SECTION III.

THE ECCLESIASTICAL DOCTRINE OF THE TRINITY.

This being the general Scripture view of the Holy Trinity, it follows to describe the Ecclesiastical Doctrine, chiefly in relation to our Lord, as contained in the writings of the Fathers, especially the Ante-Nicene '.

Scripture is express in declaring both the divinity of Him who in due time became man for us, and also His personal distinction from God in His pre-existent state. This is sufficiently clear from the opening of St. John's Gospel, which states the mystery as distinctly as an ecclesiastical comment can propound it. On these two truths the whole doctrine turns, viz. that our Lord is one with, yet personally separate from God. Now there are two appellations given to Him in Scripture, enforcing respectively these two essentials of the true doctrine; appellations imperfect and open to misconception by themselves, but qualifying and completing each other. The title of the Son marks His derivation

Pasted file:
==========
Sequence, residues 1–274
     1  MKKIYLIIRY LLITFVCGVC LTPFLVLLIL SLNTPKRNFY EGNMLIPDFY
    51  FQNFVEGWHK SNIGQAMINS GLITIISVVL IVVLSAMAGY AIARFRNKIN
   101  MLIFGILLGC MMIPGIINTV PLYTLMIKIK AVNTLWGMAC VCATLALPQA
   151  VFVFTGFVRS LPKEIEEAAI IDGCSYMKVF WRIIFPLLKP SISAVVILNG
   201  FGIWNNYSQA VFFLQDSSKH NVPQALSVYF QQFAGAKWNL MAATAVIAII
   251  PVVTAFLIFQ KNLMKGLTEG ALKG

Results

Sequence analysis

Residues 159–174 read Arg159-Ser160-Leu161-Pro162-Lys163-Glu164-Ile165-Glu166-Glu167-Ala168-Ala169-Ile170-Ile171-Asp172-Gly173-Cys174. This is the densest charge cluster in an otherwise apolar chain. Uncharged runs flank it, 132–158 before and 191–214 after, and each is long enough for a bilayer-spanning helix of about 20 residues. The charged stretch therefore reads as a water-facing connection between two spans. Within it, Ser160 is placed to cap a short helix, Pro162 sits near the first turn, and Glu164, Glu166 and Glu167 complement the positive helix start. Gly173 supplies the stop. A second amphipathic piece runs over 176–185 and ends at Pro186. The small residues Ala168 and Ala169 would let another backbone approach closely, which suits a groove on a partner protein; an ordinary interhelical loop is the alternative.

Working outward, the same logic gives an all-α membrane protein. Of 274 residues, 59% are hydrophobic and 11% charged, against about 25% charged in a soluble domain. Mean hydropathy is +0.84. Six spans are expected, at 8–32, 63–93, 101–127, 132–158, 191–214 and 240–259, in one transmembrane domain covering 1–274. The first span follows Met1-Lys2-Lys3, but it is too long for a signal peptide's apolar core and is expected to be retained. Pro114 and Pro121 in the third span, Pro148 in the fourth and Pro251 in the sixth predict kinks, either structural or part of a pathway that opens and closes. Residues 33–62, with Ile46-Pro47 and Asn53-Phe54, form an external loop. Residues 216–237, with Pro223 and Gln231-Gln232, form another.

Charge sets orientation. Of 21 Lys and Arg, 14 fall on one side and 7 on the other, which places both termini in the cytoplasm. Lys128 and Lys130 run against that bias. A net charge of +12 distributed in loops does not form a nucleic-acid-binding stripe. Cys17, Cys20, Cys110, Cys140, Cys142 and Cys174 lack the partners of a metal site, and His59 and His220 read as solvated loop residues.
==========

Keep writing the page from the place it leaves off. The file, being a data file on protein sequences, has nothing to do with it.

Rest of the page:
1 The examples cited are principally borrowed from the elaborate catalogues furnished by Petavius, Bishop Bull, and Suicer, in his Thesaurus and his Comment on the Nicene Creed.